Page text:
Andrew Griffin, Hampshire Golf’s media man, was at Royal Birkdale to follow the progress of the county’s own Harry Ellis during practice and the two rounds he played at the Open Championship alongside partners Darren Clarke and Gary Woodland. He writes:
HARRY Ellis may have exited the 146th Open Championship earlier than he hoped, but could be proud of the ringing endorsements from his playing partners at Royal Birkdale.
Ellis, the reigning Amateur Champion, failed to make the cut after rounds of 77 and 75, but Gary Woodland, one of the biggest hitters on the US Tour, who lost to Rory McIlroy in the World Matchplay final in San Francisco two years ago, declared that Hampshire’s rising star had not played 13 shots worse over those tough 36 holes on his Open baptism.
The Kansas veteran, who posted a one-under total on Friday after rounds of 70 and 69, said: “Obviously he had some bad bounces, but the kid’s got an unbelievable amount of talent. He’s got a great head on his shoulders. I loved his attitude.
“Obviously he has a big month coming up. He won the British a couple of weeks ago and the Walker Cup and US Amateur are coming up. I’m excited for him. He’s got a lot of game and I think he’ll be out here on tour very soon.”
At one point in the rain and gloom, Woodland, who is up there in the longest driving distances on tour with US Open champion Brooks Koepka, walked up to Ellis’ ball on the 16th, thinking it was his drive.
“I couldn’t tell. It was raining so hard, I didn’t see what he hit. I knew I hit a three-wood, I just expected he had as well. I hit it straight, I figured that was me. The kid has a lot of speed, hits it a long way, and his short game is very good.”
Ryder Cup captain Darren Clarke, who won the Claret Jug at Sandwich in 2011, was also impressed, even if Ellis missed the cut by seven shots in the end.
Clarke, who shot 75 and 73 to miss the weekend by three, was seen talking to Ellis and his caddy, Micky Doran.
“Gary and Darren were very complimentary and a great pairing to be with,” said Ellis. “I think I impressed a few people, but it was just a shame that I didn’t produce the numbers.
“That is golf sometimes. But I’ve come away with plenty of positives and even more belief.”
As well as his family, who travelled up from Hampshire and London, the Meon Valley member was supported by girlfriend Morgane Metraux, a fellow Florida State University golfer, who flew in having competed in last week’s Women’s US Open at Trump National and walked every hole and watched every shot.
“It was special to have Morgane there after making her Major debut herself the week before. We have achieved a lot together and it’s great to share those moments.”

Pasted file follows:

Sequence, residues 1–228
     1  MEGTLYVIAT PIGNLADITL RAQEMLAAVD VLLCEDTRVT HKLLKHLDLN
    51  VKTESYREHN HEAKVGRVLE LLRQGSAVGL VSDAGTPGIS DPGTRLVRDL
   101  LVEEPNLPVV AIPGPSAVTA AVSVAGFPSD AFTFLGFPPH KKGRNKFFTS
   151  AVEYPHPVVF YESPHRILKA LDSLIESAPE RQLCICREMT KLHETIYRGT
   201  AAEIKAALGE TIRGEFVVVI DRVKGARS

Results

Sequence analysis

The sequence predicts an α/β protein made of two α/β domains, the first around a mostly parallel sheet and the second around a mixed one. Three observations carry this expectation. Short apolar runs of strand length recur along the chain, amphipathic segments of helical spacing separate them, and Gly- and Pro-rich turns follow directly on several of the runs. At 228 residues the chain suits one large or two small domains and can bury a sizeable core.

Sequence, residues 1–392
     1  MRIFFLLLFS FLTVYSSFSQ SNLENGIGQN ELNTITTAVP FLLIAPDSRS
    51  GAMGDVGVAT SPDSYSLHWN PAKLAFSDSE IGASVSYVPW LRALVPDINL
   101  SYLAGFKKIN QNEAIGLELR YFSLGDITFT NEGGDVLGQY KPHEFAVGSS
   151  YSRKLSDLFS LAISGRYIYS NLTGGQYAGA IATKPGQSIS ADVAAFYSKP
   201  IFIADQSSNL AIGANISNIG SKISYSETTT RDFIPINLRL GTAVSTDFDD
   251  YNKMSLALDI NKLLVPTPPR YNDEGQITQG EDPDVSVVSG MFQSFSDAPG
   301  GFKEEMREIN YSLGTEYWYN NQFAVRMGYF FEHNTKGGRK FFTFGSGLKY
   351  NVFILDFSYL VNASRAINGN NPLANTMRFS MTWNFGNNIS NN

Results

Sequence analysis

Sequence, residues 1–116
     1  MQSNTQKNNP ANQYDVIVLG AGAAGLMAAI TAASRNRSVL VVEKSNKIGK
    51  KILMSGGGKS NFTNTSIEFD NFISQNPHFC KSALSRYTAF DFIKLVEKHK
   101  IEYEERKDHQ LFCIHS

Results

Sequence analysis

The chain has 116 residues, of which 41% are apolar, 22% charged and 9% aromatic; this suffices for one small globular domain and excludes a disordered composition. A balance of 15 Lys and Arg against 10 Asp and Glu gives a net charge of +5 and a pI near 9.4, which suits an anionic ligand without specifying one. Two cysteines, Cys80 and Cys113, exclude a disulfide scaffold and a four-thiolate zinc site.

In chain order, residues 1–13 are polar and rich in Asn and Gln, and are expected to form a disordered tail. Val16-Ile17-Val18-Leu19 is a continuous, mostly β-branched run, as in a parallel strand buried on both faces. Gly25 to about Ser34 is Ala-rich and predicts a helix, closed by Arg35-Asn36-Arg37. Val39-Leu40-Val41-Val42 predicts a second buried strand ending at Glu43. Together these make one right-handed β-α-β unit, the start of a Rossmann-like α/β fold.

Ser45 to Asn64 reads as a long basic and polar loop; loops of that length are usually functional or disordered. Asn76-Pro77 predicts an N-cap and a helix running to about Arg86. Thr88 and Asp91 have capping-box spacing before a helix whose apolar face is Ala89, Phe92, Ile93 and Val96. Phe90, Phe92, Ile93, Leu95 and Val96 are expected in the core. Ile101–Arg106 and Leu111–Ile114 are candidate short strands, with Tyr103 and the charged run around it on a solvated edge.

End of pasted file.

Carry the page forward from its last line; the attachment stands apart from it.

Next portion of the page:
Ellis has declined the chance to equal another of Sir Michael Bonallack’s amateur records by becoming just the second player to win the British and English Amateur titles in the same season.
He will miss next week’s event at The Berkshire in Ascot. Ellis has to be back in Tallahassee in late August and is teeing it up in the US Amateur at Los Angeles’ famous Riviera club (August 14-20) after a two-week holiday.
He is also expected to be in the Great Britain & Ireland Walker Cup team to face America at Los Angeles Country Club from September 9-11.
Harry Ellis was a stunned spectator watching the climax to the 146th Open, just like millions of TV viewers, as Jordan Spieth produced five of the most dramatic holes in major championship history to claim the Claret Jug by three shots from his fellow American, Matt Kuchar.
Ellis, 21, is just two years younger than Spieth who is now three-quarters of the way to becoming the youngest-ever player to complete a grand slam of majors, with the USPGA coming up in two weeks at Quail Hollow.
“It was a very dramatic final few holes, but the course was set up to provoke that sort of thing happening,” said Ellis. “It was a great final hole where a championship could be won or lost.”
It certainly whetted his appetite for more professional golf, even if he intends to complete his degree and play in next year’s Masters and US Open before thinking of making the switch.
“You can’t help but take something from this experience to prepare for the next step. Obviously there’s plenty of opportunities to play ahead and this is my first pro event in a first major. You’ve got to take the most from it. I feel like my game is there.”